Visual homepages are able to communicate a large amount of information much faster than the old text-heavy versions we used to see. Web users are more impatient than ever so it’s essential you can get your brand message across quickly which is possible thanks to transition effects and parallax scrolling which make website viewing a more engaging experience.
However, parallax designs and transitions should only be used if it improves the user experience – and that doesn’t include simply looking cool. Overdo it on the flashy stuff and you can distract user attention or even confuse visitors as they scroll down the page – not to mention that parallax and intensive transitions don’t get on with mobile. Digital Agency Unfold certainly know how to put together a pretty website, but the infinite scroll, patchy content and disappearing navigation hurt the user experience.
Every Page Is A Landing Page
Modern SEO means there are no guarantees that your target audience will land on the homepage first. Search engines are smart enough now to direct traffic to specific pieces of content and ignore pages stuffed with keywords – meaning visitors can land on a blog post or product description first. So in a sense, every page is a potential landing page and you need to create a path to get visitors onto the next stage of the conversion process. This means you can afford to be more focused with your content and drive traffic to the most important next step.
Instead of covering the homepage with links to every possible page on your website, create content that draws visitors to where you want them and get the conversion process started. Chimney Group couldn’t make it much clearer what their services include with a clean grid layout and direct calls to action:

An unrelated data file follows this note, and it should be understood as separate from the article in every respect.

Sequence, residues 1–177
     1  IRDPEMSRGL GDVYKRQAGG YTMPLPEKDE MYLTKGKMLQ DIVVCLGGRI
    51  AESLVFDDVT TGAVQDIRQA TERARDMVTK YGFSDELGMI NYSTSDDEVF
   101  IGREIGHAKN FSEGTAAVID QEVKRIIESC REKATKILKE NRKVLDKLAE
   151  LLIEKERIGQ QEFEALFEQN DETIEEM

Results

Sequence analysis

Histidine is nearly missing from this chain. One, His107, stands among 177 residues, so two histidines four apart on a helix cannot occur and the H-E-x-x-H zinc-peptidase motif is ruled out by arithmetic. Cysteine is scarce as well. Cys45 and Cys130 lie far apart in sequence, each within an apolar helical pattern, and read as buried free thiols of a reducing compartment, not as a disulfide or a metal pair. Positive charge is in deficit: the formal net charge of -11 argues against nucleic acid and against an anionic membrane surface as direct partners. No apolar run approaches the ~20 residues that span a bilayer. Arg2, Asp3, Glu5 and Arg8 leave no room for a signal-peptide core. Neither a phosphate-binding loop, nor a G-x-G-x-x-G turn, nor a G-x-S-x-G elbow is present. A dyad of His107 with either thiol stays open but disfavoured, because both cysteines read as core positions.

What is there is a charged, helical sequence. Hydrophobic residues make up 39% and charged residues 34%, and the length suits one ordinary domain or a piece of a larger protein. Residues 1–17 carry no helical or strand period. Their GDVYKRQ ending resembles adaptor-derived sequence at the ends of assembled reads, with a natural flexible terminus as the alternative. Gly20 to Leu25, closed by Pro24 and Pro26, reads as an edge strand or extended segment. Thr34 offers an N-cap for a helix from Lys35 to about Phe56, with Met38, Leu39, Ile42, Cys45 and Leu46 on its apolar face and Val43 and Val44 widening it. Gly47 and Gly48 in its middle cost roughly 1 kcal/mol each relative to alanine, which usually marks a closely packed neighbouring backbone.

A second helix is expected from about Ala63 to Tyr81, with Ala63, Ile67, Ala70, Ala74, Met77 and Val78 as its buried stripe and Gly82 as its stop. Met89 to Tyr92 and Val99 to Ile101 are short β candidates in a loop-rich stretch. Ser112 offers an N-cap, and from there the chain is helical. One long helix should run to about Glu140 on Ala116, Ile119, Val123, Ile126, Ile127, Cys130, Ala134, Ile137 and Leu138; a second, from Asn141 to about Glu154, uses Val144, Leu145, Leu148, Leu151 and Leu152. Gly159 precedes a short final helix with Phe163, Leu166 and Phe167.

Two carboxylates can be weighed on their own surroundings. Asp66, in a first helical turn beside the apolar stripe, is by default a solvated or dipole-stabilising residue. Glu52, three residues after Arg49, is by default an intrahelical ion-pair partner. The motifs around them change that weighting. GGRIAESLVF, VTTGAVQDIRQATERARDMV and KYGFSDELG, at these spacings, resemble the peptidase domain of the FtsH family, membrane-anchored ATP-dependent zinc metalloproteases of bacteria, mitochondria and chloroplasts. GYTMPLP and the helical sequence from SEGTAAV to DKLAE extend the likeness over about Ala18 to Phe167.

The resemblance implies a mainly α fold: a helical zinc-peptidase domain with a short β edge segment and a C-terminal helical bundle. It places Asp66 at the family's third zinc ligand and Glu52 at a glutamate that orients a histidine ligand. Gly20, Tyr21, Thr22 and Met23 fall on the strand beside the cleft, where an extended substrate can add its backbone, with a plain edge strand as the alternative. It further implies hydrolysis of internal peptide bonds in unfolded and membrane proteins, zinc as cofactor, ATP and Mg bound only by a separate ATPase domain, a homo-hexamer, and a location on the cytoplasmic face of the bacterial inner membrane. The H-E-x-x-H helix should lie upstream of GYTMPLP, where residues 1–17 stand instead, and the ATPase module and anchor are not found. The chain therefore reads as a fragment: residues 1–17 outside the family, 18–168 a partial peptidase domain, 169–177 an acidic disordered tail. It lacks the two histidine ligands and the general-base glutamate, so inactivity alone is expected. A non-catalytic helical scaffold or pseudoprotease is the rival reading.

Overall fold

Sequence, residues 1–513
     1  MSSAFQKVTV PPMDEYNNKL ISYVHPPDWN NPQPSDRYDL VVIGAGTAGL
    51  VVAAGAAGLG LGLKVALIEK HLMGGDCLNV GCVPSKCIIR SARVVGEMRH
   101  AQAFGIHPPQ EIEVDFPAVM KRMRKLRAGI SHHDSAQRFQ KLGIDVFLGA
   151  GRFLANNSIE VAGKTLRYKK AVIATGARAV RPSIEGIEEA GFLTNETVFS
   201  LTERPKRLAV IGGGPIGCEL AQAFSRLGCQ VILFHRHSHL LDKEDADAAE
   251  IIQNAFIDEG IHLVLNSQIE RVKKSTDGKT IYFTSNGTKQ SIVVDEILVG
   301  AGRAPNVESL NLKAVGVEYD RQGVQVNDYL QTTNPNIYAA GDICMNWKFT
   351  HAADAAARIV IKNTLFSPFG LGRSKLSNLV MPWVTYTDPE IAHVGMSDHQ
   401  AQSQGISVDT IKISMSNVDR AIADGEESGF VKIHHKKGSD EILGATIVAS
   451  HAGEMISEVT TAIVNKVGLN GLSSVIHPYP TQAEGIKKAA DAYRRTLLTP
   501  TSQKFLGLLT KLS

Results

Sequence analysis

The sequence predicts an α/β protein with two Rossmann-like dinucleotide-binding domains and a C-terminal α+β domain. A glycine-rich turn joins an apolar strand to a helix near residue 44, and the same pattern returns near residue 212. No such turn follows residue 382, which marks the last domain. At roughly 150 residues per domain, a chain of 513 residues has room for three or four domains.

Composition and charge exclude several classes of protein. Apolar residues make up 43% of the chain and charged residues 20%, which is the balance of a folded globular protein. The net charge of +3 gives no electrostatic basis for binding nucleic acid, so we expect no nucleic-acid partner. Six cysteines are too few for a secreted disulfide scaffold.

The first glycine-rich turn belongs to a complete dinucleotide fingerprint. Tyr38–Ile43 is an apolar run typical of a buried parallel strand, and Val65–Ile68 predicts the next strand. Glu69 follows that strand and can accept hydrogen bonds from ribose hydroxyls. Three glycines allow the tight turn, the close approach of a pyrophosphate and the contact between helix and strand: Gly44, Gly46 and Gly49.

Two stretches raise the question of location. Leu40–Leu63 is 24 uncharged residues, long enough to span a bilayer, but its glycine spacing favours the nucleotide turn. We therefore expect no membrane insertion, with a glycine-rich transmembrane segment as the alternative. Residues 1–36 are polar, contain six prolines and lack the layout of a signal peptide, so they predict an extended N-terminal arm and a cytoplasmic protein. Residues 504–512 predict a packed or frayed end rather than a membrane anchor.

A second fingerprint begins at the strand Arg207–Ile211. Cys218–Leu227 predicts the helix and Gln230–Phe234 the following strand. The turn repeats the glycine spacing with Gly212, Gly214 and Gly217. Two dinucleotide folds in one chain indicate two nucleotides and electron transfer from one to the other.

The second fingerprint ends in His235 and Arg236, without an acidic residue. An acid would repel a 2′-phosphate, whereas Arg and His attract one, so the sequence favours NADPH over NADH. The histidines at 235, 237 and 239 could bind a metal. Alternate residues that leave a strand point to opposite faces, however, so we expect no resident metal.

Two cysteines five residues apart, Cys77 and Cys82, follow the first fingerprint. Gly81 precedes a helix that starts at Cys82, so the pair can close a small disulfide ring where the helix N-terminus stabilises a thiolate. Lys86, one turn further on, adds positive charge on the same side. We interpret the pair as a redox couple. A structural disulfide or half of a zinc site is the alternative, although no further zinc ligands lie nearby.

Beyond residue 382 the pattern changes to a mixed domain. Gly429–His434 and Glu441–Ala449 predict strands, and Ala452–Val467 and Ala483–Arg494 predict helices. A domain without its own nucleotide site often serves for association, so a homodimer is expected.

Make UX Your Main Objective
If you’re designing for multiple devices, it’s your responsibility to create the best user experience possible for each device. Which means you may have to make some design compromises to maintain a strong UX for all types of user – especially when it comes to responsive design.
Whichever approach you take to designing for multiple devices, the only compromise you should never make is sacrificing UX for any of your design choices. You can’t create the perfect user experience – especially when it comes to designing for multiple devices – but get into the habit of asking yourself if there is a better way. You will soon find that design trends like off-canvas navigation and parallax design aren’t the great solutions you thought they were. The Fast Company makes a UX faux-pas by covering it content with leaves in this parallax scrolling effect:
Think Responsive Content
It’s great that your website adapts to different screen resolutions, but quality UX across multiple devices requires more than a simple layout change. A 500 word blog post may not look like much on a desktop screen, but try reading it on a smartphone and you get a very different impression. The same thing goes for about pages, product descriptions and other chunks of content.
If a visitor makes it to your blog there is a chance they might accept heavy text – like this ‘tablet’ view of Gather Content (it’s a blog post after all). Not so much on your home or about page though.